CIO outsourcing provides immediate, turnkey access to asset allocation, manager research and selection expertise, ongoing monitoring and risk management. Outsourced CIOs can take responsibility for navigating the array of available investment options—active, passive and flexible strategies, products that use derivatives and leverage, and those with lockups and alternate fee structures.

An outsourced CIO may also have connections to industry information via proprietary and third-party research and relationships with other industry professionals that can also be extremely valuable to an organization. Thanks to their position within the industry, for example, an outsourced partner can have insight into working with a particular portfolio manager or strategy that an in-house CIO or investment team might not have.

Potentially Mitigate Personal Liability for Board Members and Business Owners

Board members of endowments and foundations, and business owners—particularly those with responsibility for ERISA plans—are often fiduciaries and thus held to the associated fiduciary standard and the potential for liability if those standards aren’t fulfilled. While in-house CIOs or investment committees may approach their fiduciary role with best efforts and intentions, they may not have the capacity or resources to perform extensive asset allocation, due diligence, implementation and monitoring, and risk management. Partnering with an outside fiduciary can provide the dual benefit of delegating to a firm with strengths in these areas, as well as potentially mitigating some of the associated fiduciary responsibilities and risks.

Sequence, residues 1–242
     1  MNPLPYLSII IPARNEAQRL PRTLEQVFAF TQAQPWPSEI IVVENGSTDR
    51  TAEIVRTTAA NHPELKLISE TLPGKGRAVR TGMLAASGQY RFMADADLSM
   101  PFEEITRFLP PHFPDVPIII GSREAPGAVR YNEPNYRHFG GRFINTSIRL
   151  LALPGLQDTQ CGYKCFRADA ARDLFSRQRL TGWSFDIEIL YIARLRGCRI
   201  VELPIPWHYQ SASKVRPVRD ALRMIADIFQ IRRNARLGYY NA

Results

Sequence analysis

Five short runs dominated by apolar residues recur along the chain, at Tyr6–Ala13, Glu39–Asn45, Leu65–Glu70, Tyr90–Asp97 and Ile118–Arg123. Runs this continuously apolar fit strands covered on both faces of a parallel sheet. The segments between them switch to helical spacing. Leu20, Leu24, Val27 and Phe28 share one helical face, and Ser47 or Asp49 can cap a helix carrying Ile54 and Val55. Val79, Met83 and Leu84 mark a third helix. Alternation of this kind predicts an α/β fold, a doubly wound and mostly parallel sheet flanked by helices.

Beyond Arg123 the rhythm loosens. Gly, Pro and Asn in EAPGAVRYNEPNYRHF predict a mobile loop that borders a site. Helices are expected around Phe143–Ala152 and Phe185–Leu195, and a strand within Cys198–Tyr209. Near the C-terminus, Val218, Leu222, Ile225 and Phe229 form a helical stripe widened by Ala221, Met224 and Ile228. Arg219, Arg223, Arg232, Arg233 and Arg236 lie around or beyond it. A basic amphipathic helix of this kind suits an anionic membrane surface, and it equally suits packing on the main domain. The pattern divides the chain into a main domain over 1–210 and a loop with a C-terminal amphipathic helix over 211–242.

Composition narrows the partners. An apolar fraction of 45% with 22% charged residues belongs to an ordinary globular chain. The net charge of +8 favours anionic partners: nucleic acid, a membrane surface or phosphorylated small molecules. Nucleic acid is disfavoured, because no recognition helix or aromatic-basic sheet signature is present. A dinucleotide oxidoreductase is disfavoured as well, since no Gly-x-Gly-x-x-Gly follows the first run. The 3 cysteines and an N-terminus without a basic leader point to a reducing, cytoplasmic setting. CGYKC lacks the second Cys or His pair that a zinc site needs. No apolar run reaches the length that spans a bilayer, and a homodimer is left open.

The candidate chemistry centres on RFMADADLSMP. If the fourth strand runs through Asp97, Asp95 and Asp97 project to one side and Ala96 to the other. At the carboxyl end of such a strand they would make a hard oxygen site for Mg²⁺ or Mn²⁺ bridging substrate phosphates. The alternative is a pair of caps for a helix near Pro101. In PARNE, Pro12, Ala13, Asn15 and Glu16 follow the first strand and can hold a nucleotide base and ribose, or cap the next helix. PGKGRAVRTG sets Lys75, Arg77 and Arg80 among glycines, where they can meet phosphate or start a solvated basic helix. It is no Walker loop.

Choosing a Partner

An ideal “outsourced CIO” has deep asset allocation and manager selection expertise and access to a robust investment platform of traditional and alternative portfolio managers and strategies. The provider should also be able provide access to environmental, social and governance (ESG) oriented solutions. It’s important to seek out partners with deep industry resources and knowledge. Additionally, it’s critical to find a partner with an open and adaptable communication style, who can clearly explain the asset allocation process and rationale for hiring and firing managers, and answer questions about performance.

Although looking outside an organization for such expertise may involve a conceptual leap and a departure from past practices, it can serve as a cost-effective and prudent alternative to shouldering the investment and fiduciary burdens in-house. For more information on outsourced CIO services, please contact your Neuberger Berman representative.

Questions to Ask an Outsourced CIO Candidate

  • What is your process for choosing an asset allocation?
  • How do you decide to change managers?
  • Can you implement tactical market solutions? How frequently do you make changes and recommendations?
  • Do you have ESG investment options? How do managers incorporate ESG factors into their investment process?
  • Do you work with clients like us (by size, by industry, by investment goals) today? What solutions have you designed for them?

Outsourced CIO: 7 Key Tasks and Traits

  • Act as investment fiduciary
  • Oversee initial evaluation of risk profile and investment goals
  • Design customized asset allocation and manager implementation
  • Address customized income needs, growth objectives and risk tolerance
  • Offer access to a robust investment platform across equities, fixed income and alternatives
  • Provide access to ESG-oriented solutions
  • Provide ongoing oversight and risk management